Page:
It's been months since controversy over the "Troubled Waters" documentary calmed.
But University of Minnesota faculty members are still discussing the academic freedom issues it floated. (Dredged up? Netted? Pick your metaphor.)
By canceling the documentary's Oct. 5 airing, then-vice president Karen Himle touched off a statewide tempest and a campuswide conversation about academic freedom. University leaders reversed her decision, airing the film in its original form as scheduled. Himle later resigned.
At a meeting Friday, the Academic Freedom and Tenure Committee presented its take on six questions posed after the incident.
It concluded that the content of the "Troubled Waters" documentary was protected by academic freedom, that Himle (who goes unnamed in the document) canceled its broadcast "seemingly without recognizing the academic freedom dimensions of the issues" and that the U's policy on academic freedom lacks administrative procedures that might have prevented this from happening.
The committee recommended changes, including:
• If an administrator receives any question with "the slightest implication of academic freedom," that question should be referred to the provost -- the U's senior academic officer.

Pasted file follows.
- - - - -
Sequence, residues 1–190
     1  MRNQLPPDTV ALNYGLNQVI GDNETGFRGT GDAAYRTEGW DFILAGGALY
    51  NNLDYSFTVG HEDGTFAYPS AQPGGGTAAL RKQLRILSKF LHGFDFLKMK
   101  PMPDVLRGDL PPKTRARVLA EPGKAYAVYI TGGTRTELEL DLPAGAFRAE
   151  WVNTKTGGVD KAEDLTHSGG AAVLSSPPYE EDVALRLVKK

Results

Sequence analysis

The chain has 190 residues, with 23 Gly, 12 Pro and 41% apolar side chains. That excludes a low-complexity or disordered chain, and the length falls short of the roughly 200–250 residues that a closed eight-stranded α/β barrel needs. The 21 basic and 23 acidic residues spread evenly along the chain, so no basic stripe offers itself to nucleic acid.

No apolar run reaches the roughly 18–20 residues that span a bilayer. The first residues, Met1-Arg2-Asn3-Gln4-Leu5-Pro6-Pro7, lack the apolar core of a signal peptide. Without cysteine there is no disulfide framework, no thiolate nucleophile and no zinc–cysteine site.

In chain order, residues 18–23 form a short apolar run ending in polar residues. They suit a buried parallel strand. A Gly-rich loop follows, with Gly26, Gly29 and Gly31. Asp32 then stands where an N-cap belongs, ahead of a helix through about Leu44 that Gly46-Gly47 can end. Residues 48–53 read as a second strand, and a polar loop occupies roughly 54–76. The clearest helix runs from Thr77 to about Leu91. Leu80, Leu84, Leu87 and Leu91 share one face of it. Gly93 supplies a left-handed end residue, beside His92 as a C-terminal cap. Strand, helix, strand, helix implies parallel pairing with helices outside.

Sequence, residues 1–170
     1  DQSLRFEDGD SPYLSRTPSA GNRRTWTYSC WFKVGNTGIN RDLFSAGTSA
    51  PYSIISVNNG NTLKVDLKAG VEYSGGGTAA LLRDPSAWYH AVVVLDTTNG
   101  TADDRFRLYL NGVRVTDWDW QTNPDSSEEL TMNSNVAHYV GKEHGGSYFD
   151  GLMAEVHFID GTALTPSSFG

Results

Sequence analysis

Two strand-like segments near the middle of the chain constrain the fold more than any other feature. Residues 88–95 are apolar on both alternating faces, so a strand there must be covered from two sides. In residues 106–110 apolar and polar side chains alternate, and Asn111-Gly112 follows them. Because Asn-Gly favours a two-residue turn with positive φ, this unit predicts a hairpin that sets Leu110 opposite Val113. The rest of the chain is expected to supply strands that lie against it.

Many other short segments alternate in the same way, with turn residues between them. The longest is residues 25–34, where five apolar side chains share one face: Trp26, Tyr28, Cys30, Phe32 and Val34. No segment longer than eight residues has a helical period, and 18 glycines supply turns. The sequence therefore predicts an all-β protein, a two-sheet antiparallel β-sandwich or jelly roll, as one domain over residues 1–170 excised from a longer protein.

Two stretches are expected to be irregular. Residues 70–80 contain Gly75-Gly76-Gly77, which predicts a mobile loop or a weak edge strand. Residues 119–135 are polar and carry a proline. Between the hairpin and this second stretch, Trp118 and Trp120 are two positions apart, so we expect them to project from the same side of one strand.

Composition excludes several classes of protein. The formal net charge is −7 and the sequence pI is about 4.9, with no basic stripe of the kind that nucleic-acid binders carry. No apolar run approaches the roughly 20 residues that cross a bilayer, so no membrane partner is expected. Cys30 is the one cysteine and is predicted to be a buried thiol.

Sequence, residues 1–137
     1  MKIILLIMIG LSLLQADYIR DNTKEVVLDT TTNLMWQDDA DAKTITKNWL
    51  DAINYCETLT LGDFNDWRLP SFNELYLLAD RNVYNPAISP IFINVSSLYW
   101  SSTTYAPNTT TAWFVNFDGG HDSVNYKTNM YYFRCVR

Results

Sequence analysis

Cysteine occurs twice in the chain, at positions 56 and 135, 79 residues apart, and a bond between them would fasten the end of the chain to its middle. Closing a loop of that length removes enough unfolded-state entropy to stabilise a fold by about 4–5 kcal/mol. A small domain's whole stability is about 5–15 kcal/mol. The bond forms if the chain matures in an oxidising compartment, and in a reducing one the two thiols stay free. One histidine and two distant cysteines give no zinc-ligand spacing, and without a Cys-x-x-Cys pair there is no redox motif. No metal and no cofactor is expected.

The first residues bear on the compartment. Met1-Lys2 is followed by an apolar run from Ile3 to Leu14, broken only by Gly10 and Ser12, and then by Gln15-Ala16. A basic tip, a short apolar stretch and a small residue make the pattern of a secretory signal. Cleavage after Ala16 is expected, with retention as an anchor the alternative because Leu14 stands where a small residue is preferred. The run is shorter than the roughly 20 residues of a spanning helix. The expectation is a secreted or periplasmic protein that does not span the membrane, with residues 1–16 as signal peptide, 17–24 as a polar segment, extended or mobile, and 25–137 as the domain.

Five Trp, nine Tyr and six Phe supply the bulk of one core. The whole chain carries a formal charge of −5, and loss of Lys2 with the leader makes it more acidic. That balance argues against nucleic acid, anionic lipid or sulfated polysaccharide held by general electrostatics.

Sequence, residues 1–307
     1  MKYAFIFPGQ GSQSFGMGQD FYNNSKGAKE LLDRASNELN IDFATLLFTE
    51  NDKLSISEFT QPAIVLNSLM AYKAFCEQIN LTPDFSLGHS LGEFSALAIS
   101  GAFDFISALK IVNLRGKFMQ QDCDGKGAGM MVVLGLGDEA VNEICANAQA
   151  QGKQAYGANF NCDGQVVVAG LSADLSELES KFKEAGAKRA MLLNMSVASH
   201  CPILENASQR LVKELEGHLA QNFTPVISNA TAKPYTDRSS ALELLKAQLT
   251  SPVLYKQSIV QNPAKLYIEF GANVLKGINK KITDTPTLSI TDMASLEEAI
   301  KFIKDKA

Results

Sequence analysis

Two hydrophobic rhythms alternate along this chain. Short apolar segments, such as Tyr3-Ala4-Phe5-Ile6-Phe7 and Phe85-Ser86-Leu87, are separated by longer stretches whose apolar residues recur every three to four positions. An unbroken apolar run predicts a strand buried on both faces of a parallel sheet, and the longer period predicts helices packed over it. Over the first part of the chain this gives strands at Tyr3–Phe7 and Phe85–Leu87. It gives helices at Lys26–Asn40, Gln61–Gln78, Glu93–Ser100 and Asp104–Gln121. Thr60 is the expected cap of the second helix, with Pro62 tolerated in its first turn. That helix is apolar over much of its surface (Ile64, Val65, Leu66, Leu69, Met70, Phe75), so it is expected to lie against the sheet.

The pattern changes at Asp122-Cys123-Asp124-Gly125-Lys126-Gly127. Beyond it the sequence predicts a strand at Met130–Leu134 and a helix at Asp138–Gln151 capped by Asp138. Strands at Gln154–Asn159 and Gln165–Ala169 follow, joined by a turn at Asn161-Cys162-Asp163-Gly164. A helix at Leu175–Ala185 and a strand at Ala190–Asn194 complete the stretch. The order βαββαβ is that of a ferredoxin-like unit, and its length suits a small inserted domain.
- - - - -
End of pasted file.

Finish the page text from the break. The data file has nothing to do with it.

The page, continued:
• The U should incorporate primers on academic freedom in training and orientations for all employees, including administrators.
"Preserving academic freedom should always take precedence," Prof. Karen Miksch, co-chair of the Academic Freedom and Tenure Committee, told the University Senate on Friday. "In the face of expected or actual controversy, academic freedom always takes priority."
The committee will soon compose a "white paper" on academic freedom that moves beyond particular incidents and speaks more broadly about its application in teaching, research and service. It will address the tenets of academic freedom, as well as the responsibilities that accompany it.
Jenna Ross • 612-673-7168